Technology can help you teach your classes, it can help your riders improve their performance, and best of all (at least from a business standpoint), it can raise you above your competition and fill your classes. You might as well learn the technology that is available to our industry and how to capitalize on it. Gene Nacey of Cycling Fusion will be providing us with monthly tech tips. Read more to find out about a few of the upcoming topics in this exciting area of studio cycling!
Many of the instructors I know give a ton back to our community. In addition to going above and beyond preparing our regular classes (even though the pay we receive often does not come close to compensating us for our effort), hundreds of instructors participate in charity rides and events to help organizations with their mission. Like many, I’ve had the honor of leading and participating in indoor cycling benefit rides. Although the cause and mission is serious, these events are some of the most fun and inspiring times I’ve spent on an indoor bike.
Over the next few weeks ICA will be talking with some of the companies and their passionate founders who have brought the world of virtual indoor riding to life. For this post I talk with Gene Nacey of Global Ride who is one of the pioneers in the virtual space. Although this is a audio interview, I’ve included footage from Global Ride’s Italy, France, Spain, and Hawaii videos to provide a taste of the motivation and excitement they provide.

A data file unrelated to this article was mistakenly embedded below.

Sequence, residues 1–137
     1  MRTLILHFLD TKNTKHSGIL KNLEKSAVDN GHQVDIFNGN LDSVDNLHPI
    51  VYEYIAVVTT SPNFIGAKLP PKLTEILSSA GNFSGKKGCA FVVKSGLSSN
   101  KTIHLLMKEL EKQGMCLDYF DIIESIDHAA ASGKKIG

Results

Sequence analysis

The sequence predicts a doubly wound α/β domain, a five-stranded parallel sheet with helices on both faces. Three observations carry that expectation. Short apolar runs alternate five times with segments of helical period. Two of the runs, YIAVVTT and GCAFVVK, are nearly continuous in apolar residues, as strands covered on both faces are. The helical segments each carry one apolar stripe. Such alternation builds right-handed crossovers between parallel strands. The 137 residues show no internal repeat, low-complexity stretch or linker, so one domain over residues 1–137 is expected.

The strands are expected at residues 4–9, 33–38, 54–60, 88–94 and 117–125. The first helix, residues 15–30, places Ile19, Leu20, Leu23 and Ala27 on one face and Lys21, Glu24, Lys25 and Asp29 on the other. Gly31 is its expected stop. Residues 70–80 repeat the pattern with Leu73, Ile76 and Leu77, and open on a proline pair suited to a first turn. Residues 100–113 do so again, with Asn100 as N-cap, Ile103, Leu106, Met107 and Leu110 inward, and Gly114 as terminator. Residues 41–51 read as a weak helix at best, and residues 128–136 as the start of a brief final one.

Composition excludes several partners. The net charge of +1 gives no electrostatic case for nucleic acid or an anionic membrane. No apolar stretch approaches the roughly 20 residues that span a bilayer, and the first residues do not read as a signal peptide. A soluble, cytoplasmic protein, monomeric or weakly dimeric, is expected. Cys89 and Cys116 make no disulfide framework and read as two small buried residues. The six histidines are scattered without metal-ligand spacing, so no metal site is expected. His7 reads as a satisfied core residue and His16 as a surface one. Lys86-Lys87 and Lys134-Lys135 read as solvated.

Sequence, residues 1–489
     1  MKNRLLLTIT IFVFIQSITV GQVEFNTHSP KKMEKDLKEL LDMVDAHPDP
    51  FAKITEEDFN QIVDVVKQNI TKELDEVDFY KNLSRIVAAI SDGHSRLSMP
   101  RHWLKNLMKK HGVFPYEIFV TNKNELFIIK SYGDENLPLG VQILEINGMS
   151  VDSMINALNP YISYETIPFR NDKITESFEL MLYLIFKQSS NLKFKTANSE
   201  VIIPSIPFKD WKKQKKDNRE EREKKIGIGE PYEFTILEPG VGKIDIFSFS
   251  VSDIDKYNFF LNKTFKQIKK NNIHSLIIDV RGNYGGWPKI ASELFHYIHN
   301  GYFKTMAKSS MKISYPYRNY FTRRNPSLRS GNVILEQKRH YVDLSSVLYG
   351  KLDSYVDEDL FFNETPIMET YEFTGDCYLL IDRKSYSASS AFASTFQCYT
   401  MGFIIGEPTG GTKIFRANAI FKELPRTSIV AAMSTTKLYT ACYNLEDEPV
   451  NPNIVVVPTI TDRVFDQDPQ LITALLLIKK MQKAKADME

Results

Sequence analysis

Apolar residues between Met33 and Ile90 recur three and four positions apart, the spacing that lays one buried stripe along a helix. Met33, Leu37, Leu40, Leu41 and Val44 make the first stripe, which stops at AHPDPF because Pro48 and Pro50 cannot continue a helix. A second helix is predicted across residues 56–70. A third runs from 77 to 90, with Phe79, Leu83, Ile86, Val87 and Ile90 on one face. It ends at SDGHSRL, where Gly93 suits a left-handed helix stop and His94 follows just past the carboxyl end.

It is always a bummer to get all jazzed about something only to read the fine print and find out it really doesn’t work as expected. My hope with this early article is to give you a bigger picture of what is involved in teaching with video, so as you get excited, you will not get tripped up by the details.
Welcome to ICA’s series on teaching with video. Our initial thoughts were to organize eight to ten articles covering various topics to help introduce those new to video and provide tips for those already living the video dream. As we put further thought into what this series would encompass, and combine that with the speed at which video is now being adopted, the series may very well transform into a regular column or topic.